Illegal Immigrants Citizenship; It's Good for Americans
Writer: Michael Wildes
Wildes, an immigration lawyer and a former
federal prosecutor, is the Mayor of Englewood, New Jersey . As partner
of NYC-based immigration law firm Wildes
& Weinberg , established by his
father, Leon Wildes, in 1960, Wildes has become internationally renowned
for having represented the United States Government in immigration proceedings.
He was elected Mayor of Englewood in November of 2003 and to a second
term in November 2006.
Across the nation
there is call for comprehensive immigration reform , and during this period
of turmoil in immigration policy, it is important to keep some basic precepts
There is an estimated 11 million to 20 million undocumented aliens currently
living in the United States, but we don't know WHO they are and we don't
know WHERE they came from. The enormity of the problem has caused paralysis
and political impotence for years, but the tragic events of September
11, 2001 were the catalyst for a grassroots effort to force Congress to
confront the immigration issue comprehensively and publicly. And though
our national psyche has not yet fully recovered from the personal losses
suffered by many and the public outrage felt by all, the conversation
about border control and immigration policy must take place now -- while
detached reflection remains practically impossible.
This discussion must take place within the parameters of certain realities.
First, America will never support the destruction of the nuclear family.
The separation of child from parent or husband from wife is antithetical
to the very core of our national identity, and therefore any suggestion
of removal en masse of these millions of illegal immigrants is simply
Second, it is unrealistic to believe that our government has the resources
to find, detain, grant due process, and remove millions of aliens from
inside our borders. As such, the argument favoring mass deportation is
unsustainable even as applied to those without immediate family ties to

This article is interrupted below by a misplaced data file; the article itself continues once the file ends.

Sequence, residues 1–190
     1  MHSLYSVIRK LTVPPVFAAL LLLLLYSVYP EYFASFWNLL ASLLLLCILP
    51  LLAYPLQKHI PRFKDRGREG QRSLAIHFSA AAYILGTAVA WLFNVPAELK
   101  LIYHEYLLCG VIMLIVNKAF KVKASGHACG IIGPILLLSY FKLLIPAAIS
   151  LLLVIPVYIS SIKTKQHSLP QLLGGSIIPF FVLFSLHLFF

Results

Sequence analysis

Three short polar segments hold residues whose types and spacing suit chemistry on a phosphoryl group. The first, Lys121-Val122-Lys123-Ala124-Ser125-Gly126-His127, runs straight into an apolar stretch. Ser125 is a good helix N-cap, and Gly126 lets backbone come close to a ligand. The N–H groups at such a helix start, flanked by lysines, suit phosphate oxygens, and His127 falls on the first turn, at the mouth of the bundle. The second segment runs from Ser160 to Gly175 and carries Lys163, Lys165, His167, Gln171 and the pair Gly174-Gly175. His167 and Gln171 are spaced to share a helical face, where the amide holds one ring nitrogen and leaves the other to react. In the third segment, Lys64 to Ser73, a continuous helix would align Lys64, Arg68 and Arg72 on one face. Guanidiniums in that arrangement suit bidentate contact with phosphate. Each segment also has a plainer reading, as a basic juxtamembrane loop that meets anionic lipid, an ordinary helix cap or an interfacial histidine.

Third, disregarding the biased statistics advanced by those on both sides
of the issue, simple math tells us that these individuals provide approximately
4 - 5% of our national labor force and should, therefore, be paying their
share in taxes. The economic reality is that legalizing undocumented aliens
provides a sorely needed resource to our shrinking Social Security fund
while removing the financial burden currently placed upon the taxpayer
to provide medical and educational services to illegal aliens and their
We must accept the
only rational course and admit that our past border policies have failed.
A national admission of failure in this regard is, at this stage, acceptable
if the lessons learned from it provide us with the improved policies and
strategies needed for a safer future. With millions of illegal aliens
living clandestine lives in our nation, any effort to document them is
doomed to failure if it doesn't contain a reasonable opportunity for them
to achieve citizenship at some point. Drawing the many, hard-working
worthy out of the darkness is the only way to shine a light on the unwanted,
Finally, I extend a plea to the members of Congress to deliberate and
debate this issue with the requisite compassion and informed resolve that
it requires. The complexity of the issue is matched only by its importance
to our national identity. Can anyone doubt that our nation possesses citizens
with the combined intellect, compassion, and creativity necessary to meet
the challenge of forging a balanced and lasting solution to the immigration
Unfortunately, the conversation is taking place during a period of polarized,
politicized, and partisan animosity almost unprecedented in our nation's
history. While issues of great social significance can be argued in the
streets, they are not required to be street fights. It should be clear
to all that while this conversation can't be separated from the emotion
of its time, it must be considered in the light of our entire history.
We are a nation of immigrants. More than any nation in modern history
we have embraced diversity and been strengthened by the contributions
of the foreign-born members of our society. Every American reading this
is blessed to be so called because of the opportunity of entry given to
a member of their family.
To deny this opportunity to others because of fear, economics or bigotry
is to deny our capacity to resolve this issue with the compassion and
innovation that is worthy of our great nation.
for by Friends of Michael J. Wildes For Mayor, Amy Wildes, Treasurer
Allison Court, Englewood, NJ 07631